A Poem From Holding Breath: A Memoir of AIDS’ Wildfire Days

This is one of the five poems included in my book, Holding Breath: A Memoir of AIDS’ Wildfire Days:

 How You Looked (VA Hospital, Spring, 1990)

David, let me wash and cool

your swollen feet while you’re awake

so nothing can get worse, at least

for now, at least not here where we

are so alone, the nurses masked,

reluctant to come in the room.

 

I’d almost tell you how you looked

asleep, all afternoon,

your body on a boat

losing course, slipping over fish, the sun

a yellow wine that whispered

in my head to let you drift.

I watched your face fall fully

open, saw your sheets come loose

and drop apart, your body a mirage,

your belly hollowed-out and vaporous,

your penis arched and cool

dozing there, flawless in the glare.

 

The sound is just the rush

of water and a washcloth

in a bowl. Tell me if it feels too hot

or cold. You’ll feel my fingers

run across your toes so thick

I’ll never pass a towel through. Your skin

is breaking up like desert floor,

no longer big enough to hold you in.

 

The ebook is available on Amazon.com for $3.99; with Amazon’s new “MatchBook” program, if you buy the print version you can also get the ebook for .99.  Here’s the link:

http://www.amazon.com/Holding-Breath-Memoir-Wildfire-ebook/dp/B009TV4CE6/ref=sr_1_1?s=digital-text&ie=UTF8&qid=1377225007&sr=1-1&keywords=holding+breath+bevilaqua

The book’s Facebook page is here:

https://www.facebook.com/HoldingBreathAMemoirOfAIDS

Yeah…Facebook

When I first published Holding Breath: A Memoir of AIDS’ Wildfire Days a year ago, I created a Facebook page for it.  Then I got tired of spending so much time on my personal Facebook page, and closed my account.  Unfortunately, that meant that I had to deactivate the book’s page as well.

Then I realized (duh) that I didn’t necessarily need to close my account entirely–I can simply stay off of my personal page (thereby demonstrating my high level of self-restraint), but still reactivate the Holding Breath page.  So that’s what I’ve done.

Anyway, if readers of this blog would be kind enough to go over to the page and “Like” it, I’d really appreciate it.  Of course, I’d appreciate it even more if you read the book, and that is my segue into telling you that Amazon just launched its “Kindle MatchBook discount”, whereby people who buy the print version of the book ($10.76) can also get the ebook for a big discount (99 cents, down from $3.99).  That way, in case there’s someone on your holiday gift-list who might be interested in reading a love story that takes place in the midst of the worst of the AIDS epidemic in New York in the late 1980’s, and you’d like to read the book too, you can get both at a discount.  Just sayin’…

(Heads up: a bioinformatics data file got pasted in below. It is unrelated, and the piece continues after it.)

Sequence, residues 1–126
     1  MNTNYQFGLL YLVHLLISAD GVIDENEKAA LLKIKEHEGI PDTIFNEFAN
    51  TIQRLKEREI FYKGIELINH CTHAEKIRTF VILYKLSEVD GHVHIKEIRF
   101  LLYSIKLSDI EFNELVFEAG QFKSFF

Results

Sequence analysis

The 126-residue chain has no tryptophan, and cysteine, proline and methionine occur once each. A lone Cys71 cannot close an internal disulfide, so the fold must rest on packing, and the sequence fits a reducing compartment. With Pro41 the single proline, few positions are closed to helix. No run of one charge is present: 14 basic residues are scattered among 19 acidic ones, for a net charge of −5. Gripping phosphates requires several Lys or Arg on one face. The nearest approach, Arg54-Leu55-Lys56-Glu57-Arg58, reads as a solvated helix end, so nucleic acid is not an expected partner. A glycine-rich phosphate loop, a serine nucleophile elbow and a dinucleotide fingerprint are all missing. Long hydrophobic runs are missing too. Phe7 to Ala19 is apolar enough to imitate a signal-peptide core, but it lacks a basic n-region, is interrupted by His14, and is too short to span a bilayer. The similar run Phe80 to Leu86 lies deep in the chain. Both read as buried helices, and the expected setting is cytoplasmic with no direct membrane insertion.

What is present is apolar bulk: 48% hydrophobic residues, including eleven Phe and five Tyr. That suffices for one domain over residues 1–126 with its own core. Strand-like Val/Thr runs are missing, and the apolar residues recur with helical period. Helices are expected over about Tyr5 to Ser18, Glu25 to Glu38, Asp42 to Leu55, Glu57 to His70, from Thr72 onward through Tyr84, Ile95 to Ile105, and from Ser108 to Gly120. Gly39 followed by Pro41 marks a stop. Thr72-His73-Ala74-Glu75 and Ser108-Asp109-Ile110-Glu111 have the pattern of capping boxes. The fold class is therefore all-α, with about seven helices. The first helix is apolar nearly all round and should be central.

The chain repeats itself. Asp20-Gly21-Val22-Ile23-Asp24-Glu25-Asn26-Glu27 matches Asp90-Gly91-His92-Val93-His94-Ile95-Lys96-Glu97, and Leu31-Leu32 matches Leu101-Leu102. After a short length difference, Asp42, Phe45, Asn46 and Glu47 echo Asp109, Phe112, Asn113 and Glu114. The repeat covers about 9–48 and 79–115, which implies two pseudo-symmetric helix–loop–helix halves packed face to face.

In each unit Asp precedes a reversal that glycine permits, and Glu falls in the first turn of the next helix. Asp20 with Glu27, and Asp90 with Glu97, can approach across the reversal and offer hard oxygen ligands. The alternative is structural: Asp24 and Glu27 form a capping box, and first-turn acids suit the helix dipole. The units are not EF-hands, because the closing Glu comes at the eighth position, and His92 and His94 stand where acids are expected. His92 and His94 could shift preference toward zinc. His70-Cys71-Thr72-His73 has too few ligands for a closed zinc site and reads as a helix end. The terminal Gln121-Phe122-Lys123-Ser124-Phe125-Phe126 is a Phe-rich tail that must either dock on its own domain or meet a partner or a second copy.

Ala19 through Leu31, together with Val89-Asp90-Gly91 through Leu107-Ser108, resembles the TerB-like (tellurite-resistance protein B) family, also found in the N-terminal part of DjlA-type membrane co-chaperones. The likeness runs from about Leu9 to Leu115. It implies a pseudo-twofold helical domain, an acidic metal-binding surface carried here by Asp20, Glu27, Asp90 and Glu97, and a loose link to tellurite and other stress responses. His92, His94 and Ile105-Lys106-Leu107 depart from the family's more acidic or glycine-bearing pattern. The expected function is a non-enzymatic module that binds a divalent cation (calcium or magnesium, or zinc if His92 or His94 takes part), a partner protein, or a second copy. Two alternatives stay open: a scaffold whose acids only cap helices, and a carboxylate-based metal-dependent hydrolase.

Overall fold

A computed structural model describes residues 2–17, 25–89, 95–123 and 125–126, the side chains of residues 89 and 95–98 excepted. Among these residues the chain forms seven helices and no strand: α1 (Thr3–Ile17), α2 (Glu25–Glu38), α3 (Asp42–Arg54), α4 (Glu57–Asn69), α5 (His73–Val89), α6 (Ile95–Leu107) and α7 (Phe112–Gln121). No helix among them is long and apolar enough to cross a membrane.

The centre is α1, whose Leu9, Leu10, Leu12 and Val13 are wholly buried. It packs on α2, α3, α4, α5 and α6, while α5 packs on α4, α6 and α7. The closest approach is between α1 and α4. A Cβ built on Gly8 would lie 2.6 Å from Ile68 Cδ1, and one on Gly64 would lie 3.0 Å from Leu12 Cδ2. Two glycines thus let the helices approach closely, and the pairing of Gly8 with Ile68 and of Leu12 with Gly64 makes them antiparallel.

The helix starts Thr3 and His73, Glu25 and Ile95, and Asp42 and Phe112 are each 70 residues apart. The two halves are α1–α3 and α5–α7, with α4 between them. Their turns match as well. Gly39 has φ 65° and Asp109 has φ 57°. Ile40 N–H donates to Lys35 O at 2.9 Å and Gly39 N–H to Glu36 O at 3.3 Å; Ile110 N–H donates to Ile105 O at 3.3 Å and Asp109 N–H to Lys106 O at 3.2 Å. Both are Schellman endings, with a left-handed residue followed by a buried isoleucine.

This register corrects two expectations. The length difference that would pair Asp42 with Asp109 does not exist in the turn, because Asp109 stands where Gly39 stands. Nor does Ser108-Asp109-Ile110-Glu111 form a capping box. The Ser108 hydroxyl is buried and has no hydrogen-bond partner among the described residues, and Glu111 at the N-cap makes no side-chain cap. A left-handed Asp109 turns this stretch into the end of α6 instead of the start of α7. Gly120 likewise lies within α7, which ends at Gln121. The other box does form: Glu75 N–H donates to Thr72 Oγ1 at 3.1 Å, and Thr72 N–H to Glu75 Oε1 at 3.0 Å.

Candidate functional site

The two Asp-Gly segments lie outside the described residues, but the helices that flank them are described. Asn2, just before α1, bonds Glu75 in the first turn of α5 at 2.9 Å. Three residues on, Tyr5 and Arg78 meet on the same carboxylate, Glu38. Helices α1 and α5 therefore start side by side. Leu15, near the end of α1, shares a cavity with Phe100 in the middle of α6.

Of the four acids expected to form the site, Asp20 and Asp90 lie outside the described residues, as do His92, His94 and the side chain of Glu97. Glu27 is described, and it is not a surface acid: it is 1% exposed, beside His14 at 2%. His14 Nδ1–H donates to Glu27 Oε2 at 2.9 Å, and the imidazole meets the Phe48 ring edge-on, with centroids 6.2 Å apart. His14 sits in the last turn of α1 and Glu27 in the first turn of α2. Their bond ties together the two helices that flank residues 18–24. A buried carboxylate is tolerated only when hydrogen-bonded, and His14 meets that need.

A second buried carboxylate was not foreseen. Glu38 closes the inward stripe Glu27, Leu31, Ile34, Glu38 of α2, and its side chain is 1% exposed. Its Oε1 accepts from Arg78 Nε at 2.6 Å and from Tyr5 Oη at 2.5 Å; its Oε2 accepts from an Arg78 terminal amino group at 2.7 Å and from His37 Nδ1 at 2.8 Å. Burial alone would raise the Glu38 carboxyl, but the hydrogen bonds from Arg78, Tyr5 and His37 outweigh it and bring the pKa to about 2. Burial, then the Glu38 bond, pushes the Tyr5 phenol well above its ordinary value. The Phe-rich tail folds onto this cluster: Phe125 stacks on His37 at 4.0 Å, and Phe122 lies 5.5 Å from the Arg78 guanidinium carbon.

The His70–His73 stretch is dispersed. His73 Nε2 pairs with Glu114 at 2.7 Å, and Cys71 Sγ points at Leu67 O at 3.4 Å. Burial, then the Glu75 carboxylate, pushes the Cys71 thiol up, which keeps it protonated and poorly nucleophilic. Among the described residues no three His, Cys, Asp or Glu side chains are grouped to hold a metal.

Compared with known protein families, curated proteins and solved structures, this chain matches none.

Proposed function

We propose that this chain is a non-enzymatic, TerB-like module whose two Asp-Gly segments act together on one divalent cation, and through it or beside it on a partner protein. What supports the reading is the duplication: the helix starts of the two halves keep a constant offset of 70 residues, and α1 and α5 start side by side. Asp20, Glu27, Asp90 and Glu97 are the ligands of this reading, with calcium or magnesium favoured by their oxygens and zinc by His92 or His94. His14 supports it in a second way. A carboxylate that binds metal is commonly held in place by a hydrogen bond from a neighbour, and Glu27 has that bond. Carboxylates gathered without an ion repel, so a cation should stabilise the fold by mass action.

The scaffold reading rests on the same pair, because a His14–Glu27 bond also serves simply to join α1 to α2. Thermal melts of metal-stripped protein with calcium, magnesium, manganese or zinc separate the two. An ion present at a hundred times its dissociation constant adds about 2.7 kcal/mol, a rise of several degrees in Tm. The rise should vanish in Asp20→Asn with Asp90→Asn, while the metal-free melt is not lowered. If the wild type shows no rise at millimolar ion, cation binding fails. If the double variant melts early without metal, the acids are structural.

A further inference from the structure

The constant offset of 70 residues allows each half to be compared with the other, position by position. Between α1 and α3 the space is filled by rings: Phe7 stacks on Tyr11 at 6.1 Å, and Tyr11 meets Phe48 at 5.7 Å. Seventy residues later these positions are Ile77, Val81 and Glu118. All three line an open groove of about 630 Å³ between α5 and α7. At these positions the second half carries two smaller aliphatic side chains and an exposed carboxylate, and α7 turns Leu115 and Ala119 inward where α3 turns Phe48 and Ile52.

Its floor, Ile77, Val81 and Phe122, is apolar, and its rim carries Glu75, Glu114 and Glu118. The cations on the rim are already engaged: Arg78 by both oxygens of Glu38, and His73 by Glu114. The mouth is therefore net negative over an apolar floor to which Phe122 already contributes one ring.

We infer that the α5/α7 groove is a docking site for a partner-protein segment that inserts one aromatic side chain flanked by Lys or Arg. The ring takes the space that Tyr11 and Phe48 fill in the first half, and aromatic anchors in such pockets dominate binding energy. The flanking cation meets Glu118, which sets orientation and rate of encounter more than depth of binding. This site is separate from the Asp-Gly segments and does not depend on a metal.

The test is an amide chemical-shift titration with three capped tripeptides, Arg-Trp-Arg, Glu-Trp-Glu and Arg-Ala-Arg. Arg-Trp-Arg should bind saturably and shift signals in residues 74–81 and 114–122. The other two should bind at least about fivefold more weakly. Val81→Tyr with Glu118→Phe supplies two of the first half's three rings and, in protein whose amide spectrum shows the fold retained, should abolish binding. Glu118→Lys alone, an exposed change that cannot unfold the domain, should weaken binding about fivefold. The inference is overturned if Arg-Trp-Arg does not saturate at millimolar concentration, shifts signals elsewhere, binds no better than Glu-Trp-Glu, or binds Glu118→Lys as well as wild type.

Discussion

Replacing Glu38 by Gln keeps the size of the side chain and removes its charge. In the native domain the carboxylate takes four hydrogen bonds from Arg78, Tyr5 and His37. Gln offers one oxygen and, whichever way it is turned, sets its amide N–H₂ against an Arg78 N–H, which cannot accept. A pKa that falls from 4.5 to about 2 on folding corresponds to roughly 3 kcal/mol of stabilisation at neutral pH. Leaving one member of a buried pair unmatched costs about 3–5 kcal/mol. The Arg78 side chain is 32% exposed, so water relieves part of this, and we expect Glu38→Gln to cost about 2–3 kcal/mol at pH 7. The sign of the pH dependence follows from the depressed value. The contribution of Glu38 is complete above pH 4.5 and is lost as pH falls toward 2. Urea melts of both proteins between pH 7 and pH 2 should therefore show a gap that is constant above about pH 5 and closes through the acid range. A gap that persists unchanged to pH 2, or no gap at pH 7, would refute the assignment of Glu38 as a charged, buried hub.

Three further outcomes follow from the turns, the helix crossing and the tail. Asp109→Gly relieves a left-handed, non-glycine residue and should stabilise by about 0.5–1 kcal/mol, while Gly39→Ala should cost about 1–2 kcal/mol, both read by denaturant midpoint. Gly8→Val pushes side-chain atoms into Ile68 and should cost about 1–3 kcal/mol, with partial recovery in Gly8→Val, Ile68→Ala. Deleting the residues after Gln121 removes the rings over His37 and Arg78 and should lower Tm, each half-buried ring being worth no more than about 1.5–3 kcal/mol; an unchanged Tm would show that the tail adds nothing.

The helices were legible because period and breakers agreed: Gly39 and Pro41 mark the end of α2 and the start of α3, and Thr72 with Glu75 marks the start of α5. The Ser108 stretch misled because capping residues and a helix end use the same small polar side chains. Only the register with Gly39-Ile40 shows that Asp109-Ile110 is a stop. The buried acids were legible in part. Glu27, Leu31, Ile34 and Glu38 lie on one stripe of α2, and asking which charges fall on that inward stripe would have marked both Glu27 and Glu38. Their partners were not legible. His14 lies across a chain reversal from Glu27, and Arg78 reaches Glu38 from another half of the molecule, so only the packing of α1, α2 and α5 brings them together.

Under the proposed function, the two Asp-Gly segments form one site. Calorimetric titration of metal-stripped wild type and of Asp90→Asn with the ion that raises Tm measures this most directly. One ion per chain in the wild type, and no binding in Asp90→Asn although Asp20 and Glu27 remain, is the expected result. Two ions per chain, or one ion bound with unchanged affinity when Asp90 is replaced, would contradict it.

Here’s the link to the book’s Facebook page:

https://www.facebook.com/HoldingBreathAMemoirOfAIDS

And here, again, is the link to Amazon’s page for the print version of Holding Breath, in case you’d like to take Amazon up on its kind offer (they’re like that over there):

http://www.amazon.com/Holding-Breath-Memoir-AIDS-Wildfire/dp/1480164518/ref=tmm_pap_title_0?ie=UTF8&qid=1377225007&sr=1-1

 

A Birthday, an Anniversary, and a Book Sale

Today would be David’s (the man about whom I wrote Holding Breath: A Memoir of AIDS’ Wildfire Days) 66th birthday.  Although his life was very often something close to hell–perhaps something that he sometimes wished he’d never been born into (I don’t know that for certain, of course; he always struck me as remarkably optimistic, in spite of things)–I feel that his birth is also something that I should always celebrate in some way.  David changed the course of my life for the better, and permanently.  I sometimes wonder what I would have been like if I’d never met him; it’s not a pretty thought.

The following is an excerpt from the book about his birthday in 1989, six months before he passed on, and my realization a year later that it was approaching again, and that he was gone:

“I found an entry from 16 October 1989 that mentions his birthday.  Part of it got wet at some point and the ink ran, so some of it is illegible, but what I can put together of it says:

In six days it’ll be David’s birthday…short year ago that (I took him out) for lunch and he told me…about his life.  (We were supposed to) go see (the building’s owner) about his apartment, but it was pouring rain and (we didn’t think he should) stay out in it so I bought him an umbrella and he walked me to the PATH station.  I kissed him on the cheek and wished him happy birthday and he looked surprised, as I guess he should have been.  Then I went home and he went back up to the Marion Hotel.

Autumn’s got me thinking about him, too.  And the fact that I actually did get TB from him.  It’s stupid, but I almost like the idea that I caught something from him.  Any bond…

Today is also the first anniversary of Holding Breath‘s publication (no coincidence there), so this seems like a good time to put the Kindle version of the book on sale for a few days.  So, from today (21 October 2013) through Wednesday the 23rd, the price will be reduced from $3.99 to .99.  Once again, here’s the link to the book’s Amazon page (where you can also read the reviews):